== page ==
Ten Duke and Stanford student-athletes participated in this year’s ACE in China program. Lasting three weeks and taking place in China’s Yunnan Province, the program partnered with VIA and their local partner, CERS (China Exploration and Research Society), to lead a multifaceted sports camp which included English lessons and environmental protection projects for the ethnic minority youth in the area. In addition, student-athletes also engaged in a short, independent research project on a topic of their choice.
Yunnan Province, located in southwestern China, is home to the greatest concentration of minority nationalities in the country, with more than twenty-two minority groups represented in the region. As Josh Romine, Duke Men’s Cross Country and Track & Field, found out, trying to define such an ethnically diverse region into a “single, cohesive culture” is impossible because “practices and beliefs vary considerably from village to village, and even from family to family” making Chinese culture “mind-bogglingly complex.”
For Noah, “looking at the differences as unique characteristics” of the regional cultures helped him to feel more comfortable and feel stronger connections to the local community members with whom he was serving.
Carolina Sculti, Stanford Women’s Swimming and Diving, and Noah Vigran, Stanford Men’s Swimming and Diving, both talked about the importance of having an open mindset when experiencing the vast cultural differences that exist in the region where they served. It would be easy to get stuck just comparing every aspect of life in China to that of life in the United States but truer experiences and more valuable takeaways came “through the lens of mindfulness” according to Carolina. For Noah, “looking at the differences as unique characteristics” of the regional cultures helped him to feel more comfortable and feel stronger connections to the local community members with whom he was serving.
Even with the complexity of navigating in a different culture, there were commonalities that seemed to be shared across all the different ethnicities in the region. One particular aspect that stood out to Kate Littlejohn, Stanford Women’s Rowing, was demonstrated every single day by the campers the ACE team taught. This was the desire of the campers to be the best at whatever they were doing. Kate wrote about one girl who wanted to solidify her understanding on the lesson she had been taught about English names for numbers. “Having already mastered this topic, she was eager to learn more English.” It was inspiring for the American coaches to see how much the lessons they were teaching at camp meant to the kids and how hard the kids worked to become masters of everything they were taught.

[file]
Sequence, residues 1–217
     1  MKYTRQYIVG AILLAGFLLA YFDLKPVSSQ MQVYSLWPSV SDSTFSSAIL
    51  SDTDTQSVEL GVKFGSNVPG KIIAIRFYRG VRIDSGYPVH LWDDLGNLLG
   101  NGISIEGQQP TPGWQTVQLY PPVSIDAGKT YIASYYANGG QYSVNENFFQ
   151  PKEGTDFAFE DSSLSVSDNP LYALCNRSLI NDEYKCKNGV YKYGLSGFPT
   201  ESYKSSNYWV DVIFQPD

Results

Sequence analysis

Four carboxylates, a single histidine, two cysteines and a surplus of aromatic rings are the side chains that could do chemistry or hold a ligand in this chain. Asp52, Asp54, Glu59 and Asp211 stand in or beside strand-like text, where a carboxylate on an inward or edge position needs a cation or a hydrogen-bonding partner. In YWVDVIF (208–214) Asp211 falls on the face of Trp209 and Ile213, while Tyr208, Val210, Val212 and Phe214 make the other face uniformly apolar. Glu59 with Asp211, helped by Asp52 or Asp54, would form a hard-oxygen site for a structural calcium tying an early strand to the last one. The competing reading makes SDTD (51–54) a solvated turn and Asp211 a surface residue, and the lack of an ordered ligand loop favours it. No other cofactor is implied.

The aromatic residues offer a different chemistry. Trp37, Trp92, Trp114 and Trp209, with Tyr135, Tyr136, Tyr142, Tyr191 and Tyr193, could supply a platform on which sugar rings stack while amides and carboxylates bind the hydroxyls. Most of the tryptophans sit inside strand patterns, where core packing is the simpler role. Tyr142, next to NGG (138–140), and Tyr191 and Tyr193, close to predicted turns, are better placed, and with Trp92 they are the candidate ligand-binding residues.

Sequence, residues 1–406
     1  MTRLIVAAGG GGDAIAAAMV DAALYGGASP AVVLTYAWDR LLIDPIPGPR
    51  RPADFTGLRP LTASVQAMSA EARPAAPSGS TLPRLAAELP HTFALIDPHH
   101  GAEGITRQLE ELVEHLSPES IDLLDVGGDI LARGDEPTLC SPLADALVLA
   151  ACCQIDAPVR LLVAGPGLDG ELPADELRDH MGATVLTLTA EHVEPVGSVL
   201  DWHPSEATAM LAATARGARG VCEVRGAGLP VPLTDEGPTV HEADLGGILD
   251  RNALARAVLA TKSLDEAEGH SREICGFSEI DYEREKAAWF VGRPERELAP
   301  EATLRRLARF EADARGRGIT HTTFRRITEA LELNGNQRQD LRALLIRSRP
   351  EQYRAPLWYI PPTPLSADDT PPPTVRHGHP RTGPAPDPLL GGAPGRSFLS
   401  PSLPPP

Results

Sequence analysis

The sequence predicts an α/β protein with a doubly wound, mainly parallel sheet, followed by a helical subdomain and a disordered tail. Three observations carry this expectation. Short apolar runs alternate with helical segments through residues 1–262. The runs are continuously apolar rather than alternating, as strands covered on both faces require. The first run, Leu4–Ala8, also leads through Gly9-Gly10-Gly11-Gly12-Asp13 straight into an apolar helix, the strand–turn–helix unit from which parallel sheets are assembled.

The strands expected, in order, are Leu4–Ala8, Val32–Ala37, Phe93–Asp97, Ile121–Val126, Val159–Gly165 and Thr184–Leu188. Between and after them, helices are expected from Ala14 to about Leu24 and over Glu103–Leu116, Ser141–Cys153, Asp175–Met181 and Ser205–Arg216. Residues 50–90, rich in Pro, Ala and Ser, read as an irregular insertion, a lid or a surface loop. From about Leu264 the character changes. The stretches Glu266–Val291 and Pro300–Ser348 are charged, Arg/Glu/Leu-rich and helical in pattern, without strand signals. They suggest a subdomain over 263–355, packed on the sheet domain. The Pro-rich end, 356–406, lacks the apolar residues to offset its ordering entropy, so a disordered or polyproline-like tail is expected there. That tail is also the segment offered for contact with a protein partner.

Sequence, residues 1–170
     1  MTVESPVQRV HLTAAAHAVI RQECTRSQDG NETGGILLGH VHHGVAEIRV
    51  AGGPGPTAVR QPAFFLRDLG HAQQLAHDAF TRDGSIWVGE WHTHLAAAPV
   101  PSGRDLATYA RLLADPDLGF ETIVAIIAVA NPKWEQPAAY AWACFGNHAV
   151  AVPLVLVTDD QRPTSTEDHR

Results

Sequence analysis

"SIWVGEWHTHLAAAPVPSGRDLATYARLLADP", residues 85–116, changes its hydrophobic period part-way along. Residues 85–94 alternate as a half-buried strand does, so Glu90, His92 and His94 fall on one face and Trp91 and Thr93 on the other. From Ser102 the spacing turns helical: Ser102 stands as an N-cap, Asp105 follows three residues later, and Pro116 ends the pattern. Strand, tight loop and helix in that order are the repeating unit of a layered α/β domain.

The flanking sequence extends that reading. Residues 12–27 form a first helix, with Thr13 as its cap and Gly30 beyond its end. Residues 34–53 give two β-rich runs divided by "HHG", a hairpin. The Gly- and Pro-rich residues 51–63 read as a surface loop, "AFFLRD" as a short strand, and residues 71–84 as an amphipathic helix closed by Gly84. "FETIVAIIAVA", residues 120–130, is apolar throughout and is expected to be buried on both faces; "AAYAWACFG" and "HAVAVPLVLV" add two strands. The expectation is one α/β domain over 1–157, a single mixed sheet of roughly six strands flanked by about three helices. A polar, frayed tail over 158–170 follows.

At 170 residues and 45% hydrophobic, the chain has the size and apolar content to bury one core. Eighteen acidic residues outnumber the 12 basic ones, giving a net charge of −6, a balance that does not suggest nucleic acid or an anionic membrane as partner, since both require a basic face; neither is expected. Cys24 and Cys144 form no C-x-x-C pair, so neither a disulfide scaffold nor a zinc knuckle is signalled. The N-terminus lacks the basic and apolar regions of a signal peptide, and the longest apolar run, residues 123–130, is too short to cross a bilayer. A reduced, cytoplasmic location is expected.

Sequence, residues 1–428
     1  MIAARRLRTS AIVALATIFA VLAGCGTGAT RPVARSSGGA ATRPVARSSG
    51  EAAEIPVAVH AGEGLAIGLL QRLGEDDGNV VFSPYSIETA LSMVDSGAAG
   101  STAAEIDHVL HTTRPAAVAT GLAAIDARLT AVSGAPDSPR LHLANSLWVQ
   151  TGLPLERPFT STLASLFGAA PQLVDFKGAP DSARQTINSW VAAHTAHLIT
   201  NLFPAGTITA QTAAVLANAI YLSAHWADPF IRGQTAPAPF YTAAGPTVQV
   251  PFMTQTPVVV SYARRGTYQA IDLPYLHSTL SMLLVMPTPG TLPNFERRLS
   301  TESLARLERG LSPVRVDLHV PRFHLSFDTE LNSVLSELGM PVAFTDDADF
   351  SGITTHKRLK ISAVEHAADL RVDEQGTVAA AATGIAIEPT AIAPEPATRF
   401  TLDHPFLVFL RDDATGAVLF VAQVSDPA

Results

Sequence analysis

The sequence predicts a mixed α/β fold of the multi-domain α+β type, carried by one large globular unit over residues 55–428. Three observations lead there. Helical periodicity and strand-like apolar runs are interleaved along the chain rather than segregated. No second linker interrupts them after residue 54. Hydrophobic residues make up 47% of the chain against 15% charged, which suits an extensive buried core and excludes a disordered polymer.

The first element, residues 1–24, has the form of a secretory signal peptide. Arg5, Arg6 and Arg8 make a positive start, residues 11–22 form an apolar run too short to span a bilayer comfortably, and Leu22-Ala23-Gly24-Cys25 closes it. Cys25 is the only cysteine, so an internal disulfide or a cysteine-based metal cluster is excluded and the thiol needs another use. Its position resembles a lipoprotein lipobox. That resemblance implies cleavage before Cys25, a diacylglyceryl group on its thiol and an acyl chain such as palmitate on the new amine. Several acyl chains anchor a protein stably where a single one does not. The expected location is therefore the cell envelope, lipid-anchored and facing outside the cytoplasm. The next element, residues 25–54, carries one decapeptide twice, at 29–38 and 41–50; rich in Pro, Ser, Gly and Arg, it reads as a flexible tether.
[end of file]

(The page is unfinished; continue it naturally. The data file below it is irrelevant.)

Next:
Areta Buness, Stanford Women’s Lacrosse, found that one of the most powerful moments of camp came during a trash pickup competition where the campers were split into small groups to see who could collect the most litter in the time limit. Even without being able to speak or give verbal encouragement to the kids on her team due to the language barrier, Areta still felt very connected to her trash pickup team as “the unspoken communication [was] the collective beautification of their environment, where they live.” Similar to how the kids wanted to become masters at whatever skill they were practicing and learning in camp, they also wanted to be the best at keeping their community clean which was something that inspired Areta along with the rest of this year’s ACE in China team.